Students prepare to scare: Holland haunts with 8 spooky themes


Video by UPTV

Students covered in blood shrieked cries for help in the tunnels beneath the Schenley Quad residence halls Sunday night.

Other students filed through the tunnels, anxiously clutching each other’s hands and screaming in fear as they awaited lurking figures around each corner.

About 800 students gathered in the Schenley Quad Sunday night for Haunted Holland and Nightmare in the Quad, according to Ashlan Hudson, the resident director for Bruce, Brackenridge and McCormick halls. The student-produced haunted house is staged in the series of tunnels which lie beneath the four Schenley Quad residence halls. Its path begins at the Holland North entrance, winds through Amos and McCormick and ends in Bruce Hall.

Justin Vallorani, the resident director for Holland, described Haunted Holland — which has been an annual tradition for more than 13 years — as Holland’s signature program and one of the most stable residence hall programs.  

Holland residents scare students during “Haunted Holland” in the tunnels beneath Schenley Quad Sunday night. (Photo by Anna Bongardino | Assistant Visual Editor)

“Each year we add to it,” Vallorani said. “Every new group that comes in — RAs, Hall Council — they are the ones brainstorming ideas, so we do kind of make it fresh and new each year.”

Nine Hall Council members — residents of Holland Hall who plan building programs — joined up with 19 RAs to plan the event this year. The haunted house has developed a variety of themes in recent years, often based on TV and horror films, such as “Saw,” “American Horror Story” and “A Nightmare on Elm Street.” But the organizers decided to change it up this year — they split the tunnels into eight sections, each with a different theme.

Senior pharmacy major Sejla Jukic was a resident in Holland during her first year at Pitt and has been an RA in the building for three years. When she was a resident three years ago, Jukic helped with setup and recruited actors from acting classes as part of her duties as a floor representative. Jukic was in charge of setup, makeup and planning scripts for the house’s zombie section this year.

Twenty Holland residents volunteered to act in the building’s Halloween program, “Haunted Holland,” Sunday night. (Photo by Anna Bongardino | Assistant Visual Editor)

The eight themes this year — which included funhouse, graveyard, zombies, exterminator, supernatural, murder house, torture chamber and haunted hospital — were all decorated differently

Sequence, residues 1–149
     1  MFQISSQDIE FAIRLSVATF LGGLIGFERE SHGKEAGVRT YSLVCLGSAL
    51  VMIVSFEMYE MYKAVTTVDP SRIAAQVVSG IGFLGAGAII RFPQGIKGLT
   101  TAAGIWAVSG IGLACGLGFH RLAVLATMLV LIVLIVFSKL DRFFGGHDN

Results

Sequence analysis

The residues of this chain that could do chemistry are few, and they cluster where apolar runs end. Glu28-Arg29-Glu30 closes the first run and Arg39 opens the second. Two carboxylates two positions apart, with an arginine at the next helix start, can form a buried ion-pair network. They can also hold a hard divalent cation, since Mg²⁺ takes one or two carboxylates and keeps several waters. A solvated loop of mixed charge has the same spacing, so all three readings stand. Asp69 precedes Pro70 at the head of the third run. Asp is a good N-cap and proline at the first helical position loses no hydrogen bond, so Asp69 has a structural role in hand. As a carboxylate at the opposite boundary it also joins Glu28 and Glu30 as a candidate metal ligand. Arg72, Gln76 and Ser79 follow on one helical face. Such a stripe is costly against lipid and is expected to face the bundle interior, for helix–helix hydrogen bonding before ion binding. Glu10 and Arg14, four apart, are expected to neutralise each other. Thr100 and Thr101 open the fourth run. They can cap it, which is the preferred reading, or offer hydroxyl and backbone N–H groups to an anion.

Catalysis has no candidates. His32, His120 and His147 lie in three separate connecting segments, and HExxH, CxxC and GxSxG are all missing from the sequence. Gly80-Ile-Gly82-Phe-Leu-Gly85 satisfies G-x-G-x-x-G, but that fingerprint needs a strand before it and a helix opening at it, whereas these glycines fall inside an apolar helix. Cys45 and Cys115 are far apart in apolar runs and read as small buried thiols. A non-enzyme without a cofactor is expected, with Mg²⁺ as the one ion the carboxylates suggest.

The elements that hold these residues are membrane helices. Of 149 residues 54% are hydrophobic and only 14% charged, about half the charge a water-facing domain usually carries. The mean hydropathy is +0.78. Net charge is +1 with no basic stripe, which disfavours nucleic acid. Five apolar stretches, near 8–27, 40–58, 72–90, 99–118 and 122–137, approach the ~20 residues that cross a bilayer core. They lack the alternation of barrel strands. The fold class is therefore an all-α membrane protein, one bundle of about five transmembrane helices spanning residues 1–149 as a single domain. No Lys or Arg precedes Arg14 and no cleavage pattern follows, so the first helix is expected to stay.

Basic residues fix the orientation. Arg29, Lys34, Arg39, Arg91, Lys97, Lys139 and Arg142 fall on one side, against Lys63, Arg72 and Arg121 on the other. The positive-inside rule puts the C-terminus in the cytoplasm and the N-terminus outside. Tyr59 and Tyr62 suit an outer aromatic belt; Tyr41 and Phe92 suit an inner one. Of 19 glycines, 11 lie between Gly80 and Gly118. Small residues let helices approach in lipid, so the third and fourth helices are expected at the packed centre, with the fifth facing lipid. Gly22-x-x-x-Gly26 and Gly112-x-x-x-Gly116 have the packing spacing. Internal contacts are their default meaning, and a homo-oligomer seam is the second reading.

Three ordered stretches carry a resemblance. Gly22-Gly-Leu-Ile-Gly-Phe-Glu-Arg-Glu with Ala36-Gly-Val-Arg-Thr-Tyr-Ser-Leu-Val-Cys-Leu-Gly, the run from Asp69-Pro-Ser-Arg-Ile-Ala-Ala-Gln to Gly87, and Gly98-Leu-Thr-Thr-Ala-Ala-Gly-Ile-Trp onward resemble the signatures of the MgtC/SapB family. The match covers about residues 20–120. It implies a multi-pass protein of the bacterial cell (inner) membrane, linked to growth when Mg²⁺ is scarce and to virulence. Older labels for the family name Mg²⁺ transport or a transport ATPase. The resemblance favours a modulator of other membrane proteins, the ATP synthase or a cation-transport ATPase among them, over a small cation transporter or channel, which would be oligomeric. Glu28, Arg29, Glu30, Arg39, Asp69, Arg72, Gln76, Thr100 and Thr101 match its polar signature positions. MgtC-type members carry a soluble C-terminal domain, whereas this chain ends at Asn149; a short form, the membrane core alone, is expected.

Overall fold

“It’s hard to stick with one theme because the tunnel is very large,” Jukic said before Sunday’s haunting. “I’ve never seen it go this well and I’m really excited.”

Vallorani, in his first year as Holland’s RD, estimates the cost for this year’s production was between $800 and $1,000. He said the group tried to use the budget allotted by the Office of Residence Life sparingly. Vallorani and the team of RAs and Hall Council members were able to save money by reusing props and decorations from previous years.

Both RAs in Holland Hall, Junior Madyson Williams does Sophomore Jack Holmes’ makeup before Haunted Holland begins. (Photo by Anna Bongardino | Assistant Visual Editor)

“The remainder [of the money] went to get the things the RAs wanted. Anything they wanted to make it special or fun for their section. Like a helium tank with balloons — Liv wanted that for her clown section,” Vallorani said of one of the RAs.

Beginning in September, Vallorani met with returning RAs and Hall Council members for two hours every week to begin planning this year’s Halloween festivities. As the date approached, 20 Holland residents signed up to act, and 11 other Holland residents signed up to prepare the tunnels for the haunted house.

After attending a 90-minute training session which addressed ground rules and details surrounding set-up, the volunteers spent three hours Saturday morning and four hours on Sunday using the supplies the RAs had accumulated to decorate the tunnels beneath the Quad.

“I really enjoyed working with the RAs and Hall Council members and seeing their creativity. They went above and beyond my expectations,” Vallorani said. “They’re very busy this month with RA responsibilities, so the fact they could put that energy and that effort into making this happen — I’m very proud.”

But not all volunteers spent months planning for the event. First-year Riley McGrath, a computer science major, volunteered to act the week prior to the event. She learned of her part — a scary doll in the tunnels’ murder house section — earlier that day.

“I was happy I had a part that required some makeup. It didn’t take a lot to make it look really cool,” McGrath said. “I really like Halloween. It’s my favorite holiday, so it seemed like a cool thing to do.”

Some students, such as junior environmental science major Jessica Brumbach, came to the event because they knew people who were involved, and were pleasantly surprised by their fellow students’ work.

“I was expecting it to be a walkthrough with decorations and stuff, but it scared the crap out of me and my friends,” Brumbach said. “I was really glad they couldn’t touch us. That would have made everything ten times worse.”

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